Monday, August 20, 2012

Some Advice

'Oh no, not more advice.  I'm swamped with advice on how to become a writer.'

First up, if you write, you're already a writer, so I can't advise you on that.  Secondly, getting published is easy, you just self-publish via Amazon and you're done

'So what are you going to tell me then?'

Not much, but I guarantee you'll like it...or maybe not.

Most people can earn some money from writing, just not very much.  Research from the Guardian shows that over half of self-published writers earn less than $500 year.  The stats for traditionally published writers aren't a whole lot better.  The survey (1,007 writers) also had the following snippet:

It's also best to be female, educated and in your early 40s: the survey's "top earners" – those who indicated they could live exclusively off their earnings – were 68% female, and 33% had a degree, compared to an average of 28%. High earners also dedicated more of their time to their writing, churning out 2,047 words a day on average, as compared to 1,557 for the rest of the sample.

What they fail to tell you is the majority of writers work part time or as a second job, a good number of whom are happy with that situation, so you have to treat statistics like these with care.  What is interesting for budding authors is the amount of time the 'successful' writers put into the job.  High earners also dedicated more of their time to their writing, churning out 2,047 words a day on average.  Can you manage 2000 words a day?

The survey is not the only source of the one piece of wisdom that comes through with each and every article, blog, email and spoken word: work at what you do, every day.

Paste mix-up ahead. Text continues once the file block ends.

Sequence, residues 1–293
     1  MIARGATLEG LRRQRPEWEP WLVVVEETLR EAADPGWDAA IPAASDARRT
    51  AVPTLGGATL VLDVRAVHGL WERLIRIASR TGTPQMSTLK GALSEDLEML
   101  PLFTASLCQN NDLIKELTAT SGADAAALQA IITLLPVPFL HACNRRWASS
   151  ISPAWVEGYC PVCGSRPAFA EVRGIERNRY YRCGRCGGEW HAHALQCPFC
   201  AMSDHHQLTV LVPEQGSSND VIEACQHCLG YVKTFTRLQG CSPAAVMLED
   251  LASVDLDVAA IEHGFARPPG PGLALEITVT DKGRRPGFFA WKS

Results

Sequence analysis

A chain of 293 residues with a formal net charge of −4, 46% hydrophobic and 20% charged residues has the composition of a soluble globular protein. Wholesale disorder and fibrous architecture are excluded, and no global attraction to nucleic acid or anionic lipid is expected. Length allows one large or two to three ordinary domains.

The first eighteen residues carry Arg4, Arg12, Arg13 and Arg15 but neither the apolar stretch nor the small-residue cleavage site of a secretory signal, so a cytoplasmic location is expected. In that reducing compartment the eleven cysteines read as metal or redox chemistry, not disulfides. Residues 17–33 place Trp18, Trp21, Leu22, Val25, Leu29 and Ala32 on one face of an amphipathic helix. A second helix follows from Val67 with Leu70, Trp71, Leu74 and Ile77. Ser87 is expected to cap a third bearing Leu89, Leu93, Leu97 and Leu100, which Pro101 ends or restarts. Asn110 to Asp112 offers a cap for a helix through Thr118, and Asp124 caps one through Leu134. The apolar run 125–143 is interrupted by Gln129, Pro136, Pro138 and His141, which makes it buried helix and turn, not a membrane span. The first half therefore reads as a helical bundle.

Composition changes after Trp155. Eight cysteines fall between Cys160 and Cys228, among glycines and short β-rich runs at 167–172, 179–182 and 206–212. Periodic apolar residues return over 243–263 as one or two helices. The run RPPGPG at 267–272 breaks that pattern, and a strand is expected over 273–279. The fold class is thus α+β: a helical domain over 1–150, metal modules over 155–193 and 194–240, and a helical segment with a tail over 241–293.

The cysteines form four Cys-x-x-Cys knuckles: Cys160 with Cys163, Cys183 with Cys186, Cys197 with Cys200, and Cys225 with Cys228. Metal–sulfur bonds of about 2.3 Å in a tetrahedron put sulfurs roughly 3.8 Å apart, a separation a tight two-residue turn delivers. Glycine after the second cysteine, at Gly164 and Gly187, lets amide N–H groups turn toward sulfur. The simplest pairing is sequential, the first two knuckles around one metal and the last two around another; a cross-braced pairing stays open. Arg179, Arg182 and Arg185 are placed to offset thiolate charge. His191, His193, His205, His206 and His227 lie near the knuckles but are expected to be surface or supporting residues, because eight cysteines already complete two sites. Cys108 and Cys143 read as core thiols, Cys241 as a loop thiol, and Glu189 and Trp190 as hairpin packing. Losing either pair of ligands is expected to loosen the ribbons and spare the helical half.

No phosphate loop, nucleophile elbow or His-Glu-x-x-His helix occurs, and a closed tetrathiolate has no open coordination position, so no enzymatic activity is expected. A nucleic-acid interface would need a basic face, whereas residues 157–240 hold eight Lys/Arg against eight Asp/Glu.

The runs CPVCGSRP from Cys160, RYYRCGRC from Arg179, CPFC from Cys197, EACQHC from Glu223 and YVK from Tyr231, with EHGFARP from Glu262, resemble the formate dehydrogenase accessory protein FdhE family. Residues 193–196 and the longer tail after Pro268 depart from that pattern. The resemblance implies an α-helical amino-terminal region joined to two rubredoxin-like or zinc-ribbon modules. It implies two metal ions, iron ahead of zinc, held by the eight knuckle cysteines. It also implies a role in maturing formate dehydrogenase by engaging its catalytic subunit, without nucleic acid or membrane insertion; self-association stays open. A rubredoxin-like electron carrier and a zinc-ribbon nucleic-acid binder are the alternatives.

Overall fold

And that's it.  If your aim is get published traditionally, then that's almost the only thing you need to do.  If you go down the self-publishing route then you'll have to learn about ebooks, POD, creating covers and a lot of other things too.

Or, in the words of Yoda, 'Do or do not.  There is no try.'

On that note, I bid you adieu and I'll see you on Wednesday, when I'll blog about the myth of traditional publishing.


Lisa Shafer said...

I like the Yoda pie chart. :D

Nearly Martha said...

So why, when I know that this is true, do I struggle so much to do it?

Lauren said...

I was doing close to 2000 even with a full time job, so I should be able to do more now, right?

Wrong...It's all the internet's fault. Logging off now to go write (after I change the laundry).


Martin Willoughby said...

Lisa: It's better than a Yoda Pie.

Martha: Because you're human?

Lauren: Oh, the writer's work is never done.

Victoria Lindstrom said...

"If no mistake have you made, yet losing you are...a different game you should play." Yoda (He!He!) As usual, thanks for the wit, Martin!

defcon said...

Yoda pie chart is awesome.

I wish I'd write more on a day-to-day basis, but at the same time, I like taking time out to read, or browse the Youtubes.

Martin Willoughby said...

Victoria: Yoda, source of all life's wisdom.

Defcon: So youtube is your achilles heel. Mine's facebook.

JennaQuentin said...

Great info. Yup, doesn't it always come down to the need to just write? Thanks for sharing and for your comment on my blog!

Martin Willoughby said...

Jenna: Sometimes the simplest answer is the correct one.

Jay Noel said...

I know several writers that fall right into that sweetspot, and they all have something in common: they don't work a job (or work very part time). They are fortunate to have a very supportive husband who makes a good living.

In my situation, I'm the awesome husband! So I try to do the best I can with a crazy hectic traveling schedule and a high profile job.

Martin Willoughby said...

Jay: And some women think men don't work hard. ;)